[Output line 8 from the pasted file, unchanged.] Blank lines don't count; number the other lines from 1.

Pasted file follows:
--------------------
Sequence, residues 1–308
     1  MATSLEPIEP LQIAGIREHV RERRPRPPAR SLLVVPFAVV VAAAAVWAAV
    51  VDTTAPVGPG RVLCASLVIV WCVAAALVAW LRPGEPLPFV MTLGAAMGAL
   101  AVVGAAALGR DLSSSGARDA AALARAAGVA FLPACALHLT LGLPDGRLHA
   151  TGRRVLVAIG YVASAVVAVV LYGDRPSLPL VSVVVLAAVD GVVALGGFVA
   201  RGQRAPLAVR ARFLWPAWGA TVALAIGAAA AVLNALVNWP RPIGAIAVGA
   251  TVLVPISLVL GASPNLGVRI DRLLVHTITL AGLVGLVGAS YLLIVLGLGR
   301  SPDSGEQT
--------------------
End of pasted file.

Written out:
   301  SPDSGEQT